While there are no “right” reasons as it is highly subjective matter, there are actually many “wrong” reasons for making such a commitment. And these erroneous thinking could be the first step towards the opposite of success.
It is that time again where people set goals to try and do better and achieve more for the upcoming new year. As a franchisor, this means a little bit more because most decisions you make will impact franchisees.
The franchise business model is not for everyone. Undoubtedly the biggest drawback for many is the lack of control, while the main advantage is probably the reassurance of buying into a business that is proven to work.
The franchise pitch should aim to strengthen interest and clear any doubts. But sometimes, the opposite happens and the prospective franchisee leaves the meeting feeling even more confused or loses interest.
Most (if not all) franchisors grant rights for territorial exclusivity to their franchisees for the main purpose of assuring franchisees that they have their own business area to operate and market in.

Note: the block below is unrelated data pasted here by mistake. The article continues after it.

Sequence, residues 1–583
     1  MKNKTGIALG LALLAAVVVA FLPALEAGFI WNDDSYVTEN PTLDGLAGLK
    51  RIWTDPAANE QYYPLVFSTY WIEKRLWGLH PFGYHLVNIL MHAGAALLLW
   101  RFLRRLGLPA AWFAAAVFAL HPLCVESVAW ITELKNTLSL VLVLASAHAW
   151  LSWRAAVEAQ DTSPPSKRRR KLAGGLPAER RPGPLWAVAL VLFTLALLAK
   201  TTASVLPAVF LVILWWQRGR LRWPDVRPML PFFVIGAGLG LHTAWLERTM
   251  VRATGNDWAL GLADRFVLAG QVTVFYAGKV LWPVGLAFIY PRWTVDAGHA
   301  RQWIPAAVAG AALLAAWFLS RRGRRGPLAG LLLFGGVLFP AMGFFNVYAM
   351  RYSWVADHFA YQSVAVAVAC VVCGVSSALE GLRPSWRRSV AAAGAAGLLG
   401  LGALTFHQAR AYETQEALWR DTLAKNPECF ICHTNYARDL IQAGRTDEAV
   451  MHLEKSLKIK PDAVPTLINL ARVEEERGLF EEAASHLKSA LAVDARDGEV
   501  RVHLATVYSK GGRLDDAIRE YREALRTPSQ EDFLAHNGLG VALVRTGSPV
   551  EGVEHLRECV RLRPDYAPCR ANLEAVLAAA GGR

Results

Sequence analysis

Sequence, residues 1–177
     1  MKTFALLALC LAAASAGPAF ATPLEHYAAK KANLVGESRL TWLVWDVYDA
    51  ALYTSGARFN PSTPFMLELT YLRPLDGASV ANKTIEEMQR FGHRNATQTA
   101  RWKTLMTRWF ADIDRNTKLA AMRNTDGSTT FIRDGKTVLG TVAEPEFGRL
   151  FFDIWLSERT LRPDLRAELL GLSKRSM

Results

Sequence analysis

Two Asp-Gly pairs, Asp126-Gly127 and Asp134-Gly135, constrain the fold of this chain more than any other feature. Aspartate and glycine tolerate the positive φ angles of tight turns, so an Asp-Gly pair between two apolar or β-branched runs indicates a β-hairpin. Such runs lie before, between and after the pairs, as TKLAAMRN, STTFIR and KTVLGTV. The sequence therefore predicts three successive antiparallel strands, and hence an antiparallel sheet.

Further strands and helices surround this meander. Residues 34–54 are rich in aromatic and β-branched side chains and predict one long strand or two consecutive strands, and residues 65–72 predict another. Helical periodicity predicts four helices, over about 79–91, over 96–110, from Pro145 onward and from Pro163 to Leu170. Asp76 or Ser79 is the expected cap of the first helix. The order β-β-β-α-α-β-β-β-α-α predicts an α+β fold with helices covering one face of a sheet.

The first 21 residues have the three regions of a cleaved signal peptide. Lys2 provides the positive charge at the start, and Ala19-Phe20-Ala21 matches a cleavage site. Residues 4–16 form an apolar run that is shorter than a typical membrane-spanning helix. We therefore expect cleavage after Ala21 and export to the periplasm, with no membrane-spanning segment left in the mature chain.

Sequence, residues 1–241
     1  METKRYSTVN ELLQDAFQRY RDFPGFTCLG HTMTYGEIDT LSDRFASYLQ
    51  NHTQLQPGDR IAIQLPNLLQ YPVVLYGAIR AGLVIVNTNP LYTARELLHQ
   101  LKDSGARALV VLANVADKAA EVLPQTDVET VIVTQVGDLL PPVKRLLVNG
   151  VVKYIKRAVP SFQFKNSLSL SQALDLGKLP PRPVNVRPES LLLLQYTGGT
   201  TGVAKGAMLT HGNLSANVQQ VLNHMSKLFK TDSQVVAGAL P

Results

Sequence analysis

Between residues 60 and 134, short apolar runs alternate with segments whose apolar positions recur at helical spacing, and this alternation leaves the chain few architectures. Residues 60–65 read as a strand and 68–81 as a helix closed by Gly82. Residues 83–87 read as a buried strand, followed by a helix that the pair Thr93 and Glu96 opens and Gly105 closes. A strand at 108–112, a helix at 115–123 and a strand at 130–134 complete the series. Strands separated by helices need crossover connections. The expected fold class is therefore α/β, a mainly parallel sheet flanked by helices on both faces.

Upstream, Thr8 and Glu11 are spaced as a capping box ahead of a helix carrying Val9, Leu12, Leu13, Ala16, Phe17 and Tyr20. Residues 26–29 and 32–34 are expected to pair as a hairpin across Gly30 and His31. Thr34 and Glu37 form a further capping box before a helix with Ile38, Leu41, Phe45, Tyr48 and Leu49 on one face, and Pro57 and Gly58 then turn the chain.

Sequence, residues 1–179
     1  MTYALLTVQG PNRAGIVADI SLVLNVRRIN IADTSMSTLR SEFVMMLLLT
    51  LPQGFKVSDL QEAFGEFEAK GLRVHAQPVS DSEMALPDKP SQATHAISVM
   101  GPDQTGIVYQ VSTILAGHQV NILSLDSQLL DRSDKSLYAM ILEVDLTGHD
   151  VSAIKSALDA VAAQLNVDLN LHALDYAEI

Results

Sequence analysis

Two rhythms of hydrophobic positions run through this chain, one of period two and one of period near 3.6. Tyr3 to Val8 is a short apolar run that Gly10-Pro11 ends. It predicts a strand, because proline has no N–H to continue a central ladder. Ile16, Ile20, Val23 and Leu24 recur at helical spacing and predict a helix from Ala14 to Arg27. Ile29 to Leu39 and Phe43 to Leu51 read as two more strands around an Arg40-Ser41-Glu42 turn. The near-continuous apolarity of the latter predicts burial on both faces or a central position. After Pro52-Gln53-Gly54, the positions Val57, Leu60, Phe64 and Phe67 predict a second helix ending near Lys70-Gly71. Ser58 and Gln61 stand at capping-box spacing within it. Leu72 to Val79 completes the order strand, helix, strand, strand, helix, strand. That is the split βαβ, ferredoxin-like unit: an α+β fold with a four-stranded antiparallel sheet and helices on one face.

The very first example of franchising dates all the way back to the Middle Ages, when local governments granted high church officials (and other important folk) a license to maintain order and collect taxes on their behalf.
Control of a franchise is generally quite strict, and will include everything from the staff uniforms to the marketing literature that appears in the store. In most cases, the pricing will also be standardised.
How are you as a franchisor? Are you fulfilling your responsibilities and doing all you can to help your franchisee? Or are you doing something that makes you a “bad” franchisor, whether knowingly or unknowingly?